Monday, 9 September 2013

Human Rights Declaration of London International Assembly

This item is for those who are interested in the history of international human rights law. A few days ago, while researching a talk on the beginnings of international criminal prosecutions during the Second World War in the archives of the London International Assembly, I stumbled upon an early attempt at codifying human rights. Several writers and organisations had prepared draft declarations and these were consulted by the Commission on Human Rights in preparation of the first draft of the Universal Declaration of Human Rights (see UN Doc. E/CN.4/W.16). I was surprised to note that the text of the London International Assembly does not appear to have attracted the attention of the Commission on Human Rights. It is not mentioned in UN Doc. E/CN.4/W.16. Nor have I found any references to it in the scholarly writing on the preparation of the Universal Declaration of Human Rights.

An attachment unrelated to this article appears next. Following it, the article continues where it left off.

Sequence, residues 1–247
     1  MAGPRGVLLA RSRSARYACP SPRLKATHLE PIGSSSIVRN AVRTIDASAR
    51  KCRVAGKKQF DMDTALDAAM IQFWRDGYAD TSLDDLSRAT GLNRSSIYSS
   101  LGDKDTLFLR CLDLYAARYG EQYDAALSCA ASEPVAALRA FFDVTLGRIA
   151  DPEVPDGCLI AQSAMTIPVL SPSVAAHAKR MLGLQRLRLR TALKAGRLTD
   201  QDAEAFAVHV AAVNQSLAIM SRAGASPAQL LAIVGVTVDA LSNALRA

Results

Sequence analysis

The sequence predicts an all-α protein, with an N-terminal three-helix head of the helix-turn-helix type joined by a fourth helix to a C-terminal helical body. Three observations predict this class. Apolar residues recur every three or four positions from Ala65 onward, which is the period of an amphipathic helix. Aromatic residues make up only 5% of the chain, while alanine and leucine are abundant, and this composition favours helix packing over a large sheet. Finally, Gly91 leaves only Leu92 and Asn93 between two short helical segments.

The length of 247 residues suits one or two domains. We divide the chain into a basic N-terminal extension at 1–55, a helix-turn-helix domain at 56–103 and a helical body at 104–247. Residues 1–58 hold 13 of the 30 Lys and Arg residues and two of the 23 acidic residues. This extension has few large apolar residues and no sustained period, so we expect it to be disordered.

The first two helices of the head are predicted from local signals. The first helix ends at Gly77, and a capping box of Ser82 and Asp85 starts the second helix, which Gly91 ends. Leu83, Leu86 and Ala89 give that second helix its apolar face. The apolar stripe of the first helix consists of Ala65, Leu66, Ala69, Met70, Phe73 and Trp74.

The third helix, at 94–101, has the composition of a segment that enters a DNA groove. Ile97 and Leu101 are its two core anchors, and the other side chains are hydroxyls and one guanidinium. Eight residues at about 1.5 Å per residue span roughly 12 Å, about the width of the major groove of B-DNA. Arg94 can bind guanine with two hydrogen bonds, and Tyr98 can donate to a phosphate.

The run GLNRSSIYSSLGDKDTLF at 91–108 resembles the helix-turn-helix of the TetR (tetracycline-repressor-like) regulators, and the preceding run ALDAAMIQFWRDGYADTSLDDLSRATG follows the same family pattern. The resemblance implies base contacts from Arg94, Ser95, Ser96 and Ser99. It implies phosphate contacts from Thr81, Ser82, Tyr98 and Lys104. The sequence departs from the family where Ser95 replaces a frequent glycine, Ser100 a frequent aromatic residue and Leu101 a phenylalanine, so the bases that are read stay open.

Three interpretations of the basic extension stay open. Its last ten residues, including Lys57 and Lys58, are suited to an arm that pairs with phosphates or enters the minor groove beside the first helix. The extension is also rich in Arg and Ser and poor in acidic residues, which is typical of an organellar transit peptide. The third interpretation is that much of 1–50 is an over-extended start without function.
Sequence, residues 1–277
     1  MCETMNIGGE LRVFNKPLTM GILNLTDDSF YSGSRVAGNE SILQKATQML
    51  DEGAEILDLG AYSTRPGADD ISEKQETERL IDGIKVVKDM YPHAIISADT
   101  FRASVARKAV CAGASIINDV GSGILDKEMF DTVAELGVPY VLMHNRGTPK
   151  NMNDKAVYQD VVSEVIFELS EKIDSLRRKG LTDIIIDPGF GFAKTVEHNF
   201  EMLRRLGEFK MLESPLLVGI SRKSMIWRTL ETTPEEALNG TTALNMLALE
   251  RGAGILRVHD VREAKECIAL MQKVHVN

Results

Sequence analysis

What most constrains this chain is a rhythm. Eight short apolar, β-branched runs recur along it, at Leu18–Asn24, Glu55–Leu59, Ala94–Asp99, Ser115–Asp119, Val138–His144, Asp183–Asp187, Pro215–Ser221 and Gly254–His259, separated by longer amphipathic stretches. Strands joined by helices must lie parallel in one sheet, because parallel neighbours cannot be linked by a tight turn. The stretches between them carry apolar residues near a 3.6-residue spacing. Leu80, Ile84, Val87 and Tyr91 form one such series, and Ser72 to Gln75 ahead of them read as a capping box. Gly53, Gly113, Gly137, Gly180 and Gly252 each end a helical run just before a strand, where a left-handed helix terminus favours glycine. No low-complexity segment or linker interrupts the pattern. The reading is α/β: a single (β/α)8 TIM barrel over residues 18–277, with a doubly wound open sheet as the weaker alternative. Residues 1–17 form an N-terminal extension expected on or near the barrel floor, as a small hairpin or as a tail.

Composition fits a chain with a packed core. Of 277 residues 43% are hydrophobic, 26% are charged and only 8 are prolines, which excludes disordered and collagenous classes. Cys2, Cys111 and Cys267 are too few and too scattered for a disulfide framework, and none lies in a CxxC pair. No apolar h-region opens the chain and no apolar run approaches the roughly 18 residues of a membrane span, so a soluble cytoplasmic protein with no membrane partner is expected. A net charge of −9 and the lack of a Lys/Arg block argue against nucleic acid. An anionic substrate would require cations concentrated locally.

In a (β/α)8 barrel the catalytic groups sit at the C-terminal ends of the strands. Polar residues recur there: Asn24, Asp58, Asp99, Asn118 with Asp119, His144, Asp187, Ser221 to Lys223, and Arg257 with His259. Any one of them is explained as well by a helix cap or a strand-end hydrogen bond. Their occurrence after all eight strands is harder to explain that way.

The London International Assembly was a civil society organisation with broad representation of government representatives at the highest levels or people close to government as well as public intellectuals and academics that met in London starting in 1941 with the goal of reaching consensus on what the post-war world would look like. One of its commissions studied issues of international criminal law, preparing a draft statute for an international criminal court that was then fed the work of the United Nations War Crimes Commission.
The human rights work that it undertook seems to have escaped attention. Here is the document.
If readers of the blog can shed any more light on this, please write.

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